Resumed BP trial hinges on just how bad the spill actually was

BP could be found responsible to the tune of anywhere from $2.7 billion to $18 billion

Topics: Gulf Oil Spill, BP, Clean Water Act, us government, environmentalists, , ,

Over three years after the Deepwater Horizon explosion killed 11 workers and sent oil spilling into the Gulf of Mexico, BP today enters the second phase of its civil trial.

At issue is just how much oil spilled, and what BP did about it. We know, for example, that the spill was “massive.” But was it 103 million gallons massive, as BP maintains, or more to the tune of 4.2 million barrels — the equivalent of about a quarter of the oil consumed in one day in the U.S. — as the federal government alleges?

And while the government will be arguing that BP ignored decades of warnings about the risk of such an explosion happening, the company’s attorneys wrote that it deserves “recognition, not condemnation” for its response to the explosion.

At stake are the fines imposed by the Clean Water Act, which vary widely depending on whether negligence is determined to have been “simple” or “gross.” According to the New York Times, BP could end up paying just $2.7 billion. But if it’s determined to have spilled both the maximum amount of oil and committed the maximum amount of negligence, the fine could go as high as $18 billion — enough, according to one oil analysis quoted in the Times, to “wipe out all of their cash.”



BP has already admitted negligence in misreading tests leading up to explosion; last year, it pleaded guilty to 14 criminal charges, including manslaughter. So far, it’s paid $4.5 billion in fines and spent $42 billion on cleanup and compensation. While there are no caps on victim compensation fees, the company’s been aggressively trying to get out of paying any more. Environmentalists, according to the New Orleans’ Times-Picayune, are hoping the renewed scrutiny brought by this next phase of the trial will make it easier to hold BP accountable for the disaster’s consequences.

The trial, which is being presided over by a federal judge without a jury, is expected to last 16 days.

Lindsay Abrams

Lindsay Abrams is a staff writer at Salon, reporting on all things sustainable. Follow her on Twitter @readingirl, email labrams@salon.com.

More Related Stories

Featured Slide Shows

  • Share on Twitter
  • Share on Facebook
  • 1 of 11
  • Close
  • Fullscreen
  • Thumbnails
    Burger King Japan

    2014's fast food atrocities

    Burger King's black cheeseburger: Made with squid ink and bamboo charcoal, arguably a symbol of meat's destructive effect on the planet. Only available in Japan.

    Elite Daily/Twitter

    2014's fast food atrocities

    McDonald's Black Burger: Because the laws of competition say that once Burger King introduces a black cheeseburger, it's only a matter of time before McDonald's follows suit. You still don't have to eat it.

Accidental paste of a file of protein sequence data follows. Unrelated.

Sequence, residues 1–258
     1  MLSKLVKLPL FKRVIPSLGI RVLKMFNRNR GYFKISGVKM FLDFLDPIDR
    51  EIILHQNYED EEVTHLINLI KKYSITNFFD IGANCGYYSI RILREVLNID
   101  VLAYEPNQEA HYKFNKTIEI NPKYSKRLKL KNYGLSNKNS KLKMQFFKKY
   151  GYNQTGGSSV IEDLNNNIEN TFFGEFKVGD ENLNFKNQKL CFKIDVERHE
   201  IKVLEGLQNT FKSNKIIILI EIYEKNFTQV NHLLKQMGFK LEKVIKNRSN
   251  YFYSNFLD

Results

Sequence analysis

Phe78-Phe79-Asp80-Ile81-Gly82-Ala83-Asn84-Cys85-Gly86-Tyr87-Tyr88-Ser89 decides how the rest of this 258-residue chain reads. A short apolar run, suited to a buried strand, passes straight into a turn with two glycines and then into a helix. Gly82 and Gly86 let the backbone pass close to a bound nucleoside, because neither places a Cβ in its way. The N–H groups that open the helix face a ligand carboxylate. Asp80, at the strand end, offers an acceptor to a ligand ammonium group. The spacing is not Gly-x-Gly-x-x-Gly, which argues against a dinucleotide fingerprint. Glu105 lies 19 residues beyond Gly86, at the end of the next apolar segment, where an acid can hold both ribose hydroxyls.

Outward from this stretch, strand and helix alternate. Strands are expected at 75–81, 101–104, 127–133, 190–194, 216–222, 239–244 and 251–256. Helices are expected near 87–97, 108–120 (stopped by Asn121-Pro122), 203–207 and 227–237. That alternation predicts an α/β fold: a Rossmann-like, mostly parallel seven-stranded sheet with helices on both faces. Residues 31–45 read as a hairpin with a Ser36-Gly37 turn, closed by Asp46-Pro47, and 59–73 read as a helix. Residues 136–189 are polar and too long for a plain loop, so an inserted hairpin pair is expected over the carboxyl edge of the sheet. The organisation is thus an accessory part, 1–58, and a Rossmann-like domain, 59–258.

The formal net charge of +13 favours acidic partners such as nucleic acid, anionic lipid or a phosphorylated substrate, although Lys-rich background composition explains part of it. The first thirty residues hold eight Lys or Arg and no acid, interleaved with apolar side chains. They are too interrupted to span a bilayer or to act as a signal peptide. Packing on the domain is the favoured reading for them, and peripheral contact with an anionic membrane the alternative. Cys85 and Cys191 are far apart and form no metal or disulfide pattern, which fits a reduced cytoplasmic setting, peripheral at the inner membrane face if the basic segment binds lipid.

Domino's

    2014's fast food atrocities

    Domino's Specialty Chicken: It's like regular pizza, except instead of a crust, there's fried chicken. The company's marketing officer calls it "one of the most creative, innovative menu items we have ever had” -- brain power put to good use.

    Arby's/Facebook

    2014's fast food atrocities

    Arby's Meat Mountain: The viral off-menu product containing eight different types of meat that, on second read, was probably engineered by Arby's all along. Horrific, regardless.

    KFC

    2014's fast food atrocities

    KFC'S ZINGER DOUBLE DOWN KING: A sandwich made by adding a burger patty to the infamous chicken-instead-of-buns creation can only be described using all caps. NO BUN ALL MEAT. Only available in South Korea.

    Taco Bell

    2014's fast food atrocities

    Taco Bell's Waffle Taco: It took two years for Taco Bell to develop this waffle folded in the shape of a taco, the stand-out star of its new breakfast menu.

    Michele Parente/Twitter

    2014's fast food atrocities

    Krispy Kreme Triple Cheeseburger: Only attendees at the San Diego County Fair were given the opportunity to taste the official version of this donut-hamburger-heart attack combo. The rest of America has reasonable odds of not dropping dead tomorrow.

    Taco Bell

    2014's fast food atrocities

    Taco Bell's Quesarito: A burrito wrapped in a quesadilla inside an enigma. Quarantined to one store in Oklahoma City.

    Pizzagamechangers.com

    2014's fast food atrocities

    Boston Pizza's Pizza Cake: The people's choice winner of a Canadian pizza chain's contest whose real aim, we'd imagine, is to prove that there's no such thing as "too far." Currently in development.

    7-Eleven

    2014's fast food atrocities

    7-Eleven's Doritos Loaded: "For something decadent and artificial by design," wrote one impassioned reviewer, "it only tasted of the latter."

  • Recent Slide Shows

Comments

Loading Comments...